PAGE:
When I was entering puberty, my family (two parents, four kids ages 9 to 16) embarked on a trip to Europe, starting in Paris. Our babysitter was 18 and very uninterested in childcare (she quit mid-trip). What did interest her was racy books banned in the U.S. Henry Miller's "Sexus" was one of those. She picked up a copy in Paris, intending to read it before she went back home so she wouldn't be caught smuggling it past customs.

We took a boat from Italy to Greece. I shared a cramped cabin with her, in which I commandeered the top bunk. I woke to the sound of sniggering. Climbing down, I sawmy two older brothers perched on either side of the babysitter on her bed, looking over her shoulder as she read some book.

A few months after we returned, I became 12. I don't know if this is a symptom of pubescence, but around then I started sneaking into other family members' rooms to look in their drawers. I found a "marriage manual" (sex guide) in my parents drawer. It read like a science book and thus was unmemorable. Still, no one had ever told me anything about sex so it was a start. I rifled through my brothers' drawers. I found books about male sexual development given to the boys by my parents. There were gross cross-section illustrations of the male genitalia and descriptions of erection and ejaculation. Again, highly scientific and scrupulously designed not to arouse anybody.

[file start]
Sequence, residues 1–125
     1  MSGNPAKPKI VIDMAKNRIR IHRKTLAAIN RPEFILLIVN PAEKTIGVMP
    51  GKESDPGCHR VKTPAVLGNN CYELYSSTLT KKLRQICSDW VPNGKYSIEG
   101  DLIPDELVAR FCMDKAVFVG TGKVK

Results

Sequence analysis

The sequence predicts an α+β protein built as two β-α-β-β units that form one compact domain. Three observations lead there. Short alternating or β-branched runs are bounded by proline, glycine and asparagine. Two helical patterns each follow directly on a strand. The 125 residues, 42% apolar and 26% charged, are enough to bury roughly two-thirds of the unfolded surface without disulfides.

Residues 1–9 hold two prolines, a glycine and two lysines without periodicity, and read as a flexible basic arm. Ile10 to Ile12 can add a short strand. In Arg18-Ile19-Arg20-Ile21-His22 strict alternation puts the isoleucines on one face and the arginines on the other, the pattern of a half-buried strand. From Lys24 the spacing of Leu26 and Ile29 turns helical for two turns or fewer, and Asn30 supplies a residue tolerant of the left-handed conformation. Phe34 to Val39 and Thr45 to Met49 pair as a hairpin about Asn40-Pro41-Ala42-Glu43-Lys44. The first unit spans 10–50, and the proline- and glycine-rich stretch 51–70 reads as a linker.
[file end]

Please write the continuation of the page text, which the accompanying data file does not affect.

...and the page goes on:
My brother Denny was trying out photography, developing his own prints in a bathroom upstairs. I found a stack of photos of individual book pages. He must have photographed the "dirty" parts of the babysitter's illicit copy of "Sexus." I stole them. My brother could hardly complain that they were missing: he would be admitting to his own crime of possessing them in the first place.

Locking myself in my bathroom I assembled the pages in order and read. What the hell was this? What was a "cunt"? It wasn't in the big dictionary in the living room. What was a "prick"? It sounded sharp. Why were people always "coming" and never going? And what was "fuck"? (This is 1959, yo.) The writing was blunt, crass even, but the text gave me a feeling of arousal, which was also new and inexplicable. Therefore, these pages held power.

I pored over them incessantly. I managed to put all the pieces together and figure out what each word meant and what these characters were doing, also incessantly.

Later, I was able to bring a critical eye to the writer's style. It seemed repetitious and sort of flattening. I'm aware now that there are some lusciously poetic passages in Miller's "Tropic of Capricorn" and that he was a much better writer than the "dirty parts" would lead you to believe. But I found I preferred "Lady Chatterley's Lover," after I stole my mother's copy.

When I came to writing DRY HUSTLE, more than a decade later, it was my turn. On one hand, my approach to the sex scenes was influenced by the bold tell-it-like-it-is style of Henry Miller. On the other hand, I thought I could do better.

Whether or not I did, Henry Miller had already trumped me by being banned.